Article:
William Worden[14] has identified four general tasks for people undertaking griefwork. The tasks are to accept the reality of the loss, to work through the emotions that come up, to adapt to an altered environment, and to move forward into a new life that integrates the loss. I believe these tasks apply to both those who are involved in reconstructing, and those who are one way or another experiencing a loss or anticipated loss of their faith community. A Swedenborgian reconstructionist theology might consider practices that provide support for each other with sensitivity, as we deal with accepting the reality that we or others have been hurt by traditional Swedenborgian theological paradigms. There could be an effort to recognize that we or others are working through a sequence of emotions such as frustration, anger, fear, sadness, hope and joy. Difficult as it may be to deal with a person who is feeling angry or fearful in this process, or with our own anger and fear, we can learn to not condemn but instead accept and support the grieving. Finally, as the Swedenborgian faith communities within our denomination move on, reconstructionist theology might address ways to adapt in a constructive manner to a new evolution within our tradition. There could be support for being intentional about integrating losses and gifts into our lives as vital communities of faith and life: losses of either valued traditional Swedenborgian theology and practices, or of the safety of unchallenged theology, and gains in theological clarity, justice and wholeness.

Roslyn Taylor holds a Master of Arts in Religious Studies from the Academy of the New Church Theological School, and has completed a professional chaplaincy clinical training program. Her ministry includes working as adjunct staff in the Pastoral Care Department at the University of Pennsylvania Medical Center and facilitating a home church in Bryn Athyn, Pennsylvania. She is married with four teenage children.

[1] Kimberly M. Hinrichs, "Distinguishably One: Envisioning a Confluence of Feminist and Swedenborgian Theology," Studia Swedenborgiana 13 no. 1 (June 2003).
[2] Rosemary Radford Ruether, Sexism and God-Talk (Boston: Beacon Press, 1993), xvi.
[3] Hinrichs, 17. The passage quoted is from Rosemary Radford Ruether, Woman and Redemption: A Theological History (Minneapolis: Fortress Press, 1998), 9.
[4] Terrence Real, I Don't Want to Talk About It (New York: Scribner, 1997) and How Can I Get Through to You? (New York: Scribner, 2002).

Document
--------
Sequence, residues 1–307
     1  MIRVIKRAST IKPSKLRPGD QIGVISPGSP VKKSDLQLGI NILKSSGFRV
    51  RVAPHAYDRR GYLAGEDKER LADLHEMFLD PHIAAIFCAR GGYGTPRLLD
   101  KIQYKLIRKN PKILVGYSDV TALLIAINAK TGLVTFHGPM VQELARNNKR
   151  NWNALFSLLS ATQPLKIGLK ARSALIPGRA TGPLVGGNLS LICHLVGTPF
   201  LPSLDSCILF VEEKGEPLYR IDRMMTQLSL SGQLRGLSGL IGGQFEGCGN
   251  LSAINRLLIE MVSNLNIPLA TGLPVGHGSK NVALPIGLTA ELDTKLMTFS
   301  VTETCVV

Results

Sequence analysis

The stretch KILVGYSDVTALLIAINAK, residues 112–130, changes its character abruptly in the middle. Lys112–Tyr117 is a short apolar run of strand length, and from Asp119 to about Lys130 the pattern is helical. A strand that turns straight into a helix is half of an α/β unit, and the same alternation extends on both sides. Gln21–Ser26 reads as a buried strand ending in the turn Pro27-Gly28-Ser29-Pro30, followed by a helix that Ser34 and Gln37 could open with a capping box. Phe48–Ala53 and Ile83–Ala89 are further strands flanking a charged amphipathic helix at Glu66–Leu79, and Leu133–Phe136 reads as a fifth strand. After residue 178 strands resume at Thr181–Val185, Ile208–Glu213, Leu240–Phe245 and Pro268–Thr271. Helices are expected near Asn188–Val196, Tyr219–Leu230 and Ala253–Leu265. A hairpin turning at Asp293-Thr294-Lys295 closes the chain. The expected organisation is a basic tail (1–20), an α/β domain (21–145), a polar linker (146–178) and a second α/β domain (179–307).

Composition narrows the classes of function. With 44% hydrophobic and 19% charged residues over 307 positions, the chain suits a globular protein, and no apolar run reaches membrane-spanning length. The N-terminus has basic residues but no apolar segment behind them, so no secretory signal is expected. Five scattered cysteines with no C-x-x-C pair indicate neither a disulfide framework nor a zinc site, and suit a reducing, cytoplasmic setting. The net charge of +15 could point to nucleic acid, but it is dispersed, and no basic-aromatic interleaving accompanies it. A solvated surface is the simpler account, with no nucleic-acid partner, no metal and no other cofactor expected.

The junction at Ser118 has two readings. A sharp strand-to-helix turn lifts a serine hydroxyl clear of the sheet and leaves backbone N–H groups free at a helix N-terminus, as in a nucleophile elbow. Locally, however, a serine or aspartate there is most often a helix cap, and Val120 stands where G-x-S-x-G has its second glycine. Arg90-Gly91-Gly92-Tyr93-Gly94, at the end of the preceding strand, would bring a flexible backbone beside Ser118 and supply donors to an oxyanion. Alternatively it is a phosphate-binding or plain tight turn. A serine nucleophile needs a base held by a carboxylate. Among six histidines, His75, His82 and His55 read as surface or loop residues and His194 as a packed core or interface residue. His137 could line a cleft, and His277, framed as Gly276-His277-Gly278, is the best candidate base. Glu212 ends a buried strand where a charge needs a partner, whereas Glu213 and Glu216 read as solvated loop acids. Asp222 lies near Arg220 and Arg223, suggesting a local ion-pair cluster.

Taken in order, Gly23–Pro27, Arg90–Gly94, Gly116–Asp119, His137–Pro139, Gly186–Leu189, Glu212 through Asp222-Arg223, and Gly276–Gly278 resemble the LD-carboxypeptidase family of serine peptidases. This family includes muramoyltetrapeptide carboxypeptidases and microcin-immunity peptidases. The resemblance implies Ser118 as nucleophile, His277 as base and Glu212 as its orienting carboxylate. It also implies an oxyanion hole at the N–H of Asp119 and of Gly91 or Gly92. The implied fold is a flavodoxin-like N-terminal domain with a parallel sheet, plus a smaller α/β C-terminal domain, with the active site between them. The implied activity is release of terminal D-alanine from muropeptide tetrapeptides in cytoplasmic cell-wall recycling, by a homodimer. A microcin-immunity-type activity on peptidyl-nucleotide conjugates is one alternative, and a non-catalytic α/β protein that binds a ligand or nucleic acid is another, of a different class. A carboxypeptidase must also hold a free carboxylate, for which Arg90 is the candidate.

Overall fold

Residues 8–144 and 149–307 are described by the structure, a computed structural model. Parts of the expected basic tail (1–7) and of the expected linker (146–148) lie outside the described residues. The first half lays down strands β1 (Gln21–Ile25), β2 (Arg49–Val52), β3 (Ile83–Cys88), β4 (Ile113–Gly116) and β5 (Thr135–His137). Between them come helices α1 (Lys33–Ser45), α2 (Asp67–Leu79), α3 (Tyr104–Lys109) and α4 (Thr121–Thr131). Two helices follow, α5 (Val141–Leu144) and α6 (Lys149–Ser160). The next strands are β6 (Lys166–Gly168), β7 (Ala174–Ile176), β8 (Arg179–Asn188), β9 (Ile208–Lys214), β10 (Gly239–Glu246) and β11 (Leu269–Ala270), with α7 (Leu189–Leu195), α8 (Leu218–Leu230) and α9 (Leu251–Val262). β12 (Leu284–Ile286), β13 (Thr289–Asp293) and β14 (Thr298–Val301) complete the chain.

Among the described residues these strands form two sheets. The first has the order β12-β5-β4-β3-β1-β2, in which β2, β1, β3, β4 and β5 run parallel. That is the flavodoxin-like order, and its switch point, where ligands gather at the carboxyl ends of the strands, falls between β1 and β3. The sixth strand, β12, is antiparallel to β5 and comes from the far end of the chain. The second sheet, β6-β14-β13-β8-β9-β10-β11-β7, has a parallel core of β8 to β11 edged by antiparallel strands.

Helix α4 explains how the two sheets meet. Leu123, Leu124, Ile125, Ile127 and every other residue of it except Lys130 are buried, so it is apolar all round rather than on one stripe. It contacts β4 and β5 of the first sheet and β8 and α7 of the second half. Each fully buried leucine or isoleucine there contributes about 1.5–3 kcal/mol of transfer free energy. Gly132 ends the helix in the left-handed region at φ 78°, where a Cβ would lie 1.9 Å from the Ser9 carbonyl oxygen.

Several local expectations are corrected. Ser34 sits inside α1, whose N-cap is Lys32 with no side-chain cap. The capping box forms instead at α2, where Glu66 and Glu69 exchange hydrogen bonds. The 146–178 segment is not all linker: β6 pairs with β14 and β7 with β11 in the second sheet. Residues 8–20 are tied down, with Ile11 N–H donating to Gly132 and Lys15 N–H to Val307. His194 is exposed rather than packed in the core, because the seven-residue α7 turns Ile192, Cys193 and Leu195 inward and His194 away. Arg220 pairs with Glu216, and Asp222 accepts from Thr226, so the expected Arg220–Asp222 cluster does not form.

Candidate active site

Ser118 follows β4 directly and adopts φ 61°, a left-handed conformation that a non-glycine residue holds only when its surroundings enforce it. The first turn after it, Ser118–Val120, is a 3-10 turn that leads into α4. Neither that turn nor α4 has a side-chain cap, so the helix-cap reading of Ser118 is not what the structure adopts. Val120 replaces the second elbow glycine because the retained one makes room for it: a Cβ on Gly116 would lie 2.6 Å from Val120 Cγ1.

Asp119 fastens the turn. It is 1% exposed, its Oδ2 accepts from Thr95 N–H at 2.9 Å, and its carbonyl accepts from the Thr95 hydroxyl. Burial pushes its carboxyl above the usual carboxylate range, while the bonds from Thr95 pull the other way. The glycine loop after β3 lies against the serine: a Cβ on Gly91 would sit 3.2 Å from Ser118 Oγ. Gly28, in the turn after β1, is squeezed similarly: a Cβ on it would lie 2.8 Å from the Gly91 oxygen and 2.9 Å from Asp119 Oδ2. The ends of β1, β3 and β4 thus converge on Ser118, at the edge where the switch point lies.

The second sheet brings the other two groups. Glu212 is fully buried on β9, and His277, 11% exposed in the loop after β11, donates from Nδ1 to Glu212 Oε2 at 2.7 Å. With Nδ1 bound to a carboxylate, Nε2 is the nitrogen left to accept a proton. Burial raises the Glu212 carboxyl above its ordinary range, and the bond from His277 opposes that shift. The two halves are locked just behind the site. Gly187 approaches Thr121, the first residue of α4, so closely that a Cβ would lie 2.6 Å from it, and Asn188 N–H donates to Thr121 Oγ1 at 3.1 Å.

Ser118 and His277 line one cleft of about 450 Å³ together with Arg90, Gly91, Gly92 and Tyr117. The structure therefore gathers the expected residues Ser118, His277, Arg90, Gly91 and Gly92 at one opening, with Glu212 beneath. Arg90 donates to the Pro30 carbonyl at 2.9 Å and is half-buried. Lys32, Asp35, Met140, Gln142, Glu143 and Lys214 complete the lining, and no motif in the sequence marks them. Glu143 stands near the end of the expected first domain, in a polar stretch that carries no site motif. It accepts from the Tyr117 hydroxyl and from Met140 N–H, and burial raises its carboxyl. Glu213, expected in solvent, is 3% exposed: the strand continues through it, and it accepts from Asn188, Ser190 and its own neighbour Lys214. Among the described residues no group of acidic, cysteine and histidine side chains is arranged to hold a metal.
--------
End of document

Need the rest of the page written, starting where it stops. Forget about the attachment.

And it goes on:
[5] Caritas is a movement that started within the membership of the General Church of the New Jerusalem. It embraces people in all Swedenborgian branches who are interested in examining the issues and teachings that have contributed to the disempowerment of women, as well as the disconnection of men, within the Swedenborgian denomination as well as elsewhere. Further information about Healing Words or Caritas can be obtained from this writer ( or P.O. Box 620, Bryn Athyn, PA 19009).
[6] Emanuel Swedenborg, Arcana Coelestia, trans. J.F. Potts (West Chester, PA: Swedenborg Foundation, 1998; first published in Latin, 1747.56, London) §8106. Swedenborg wrote that even in states of "enlightenment or clear perception," there is "obscurity of truth."
[7] Emanuel Swedenborg, True Christian Religion, vol. 1 trans. John C. Ager (West Chester, PA: Swedenborg Foundation, 1996; first published 1771), §508. Swedenborg reported seeing in heaven a temple with the inscription "Now it is permitted," meaning that one is permitted to confirm the teachings of the New Church "by rational considerations," and also "by the Word."
[8] See Swedenborg, Arcana Coelestia §4706 about the successive church eras, and True Christian Religion §762 about the churches "pass(ing) through their ages like an individual" according to "divine order."
[9] John 16:13.
[10] Swedenborg, True Christian Religion §779. Swedenborg wrote that the Lord would "establish a new church by means of a man, who can receive the doctrines of this church with his understanding," which he received "from the Lord alone."
[11] Reconstructionist Rabbinical College, Philadelphia, PA. Thirty-First Graduation Program 2003.
[12] Emanuel Swedenborg, The Delights of Wisdom Pertaining to Conjugial Love, trans. Samuel Warren (West Chester, PA: Swedenborg Foundation, 1998; first published in Latin, Amsterdam, 1768), §§85, 92.
[13] Emanuel Swedenborg, Apocalypse Explained, trans. John C. Ager (West Chester, PA: Swedenborg Foundation, 1997; first published in Latin, London, 1785.1789), §§815.9.
[14] William Worden, Grief Counseling and Grief Therapy (New York: Springer, 1991).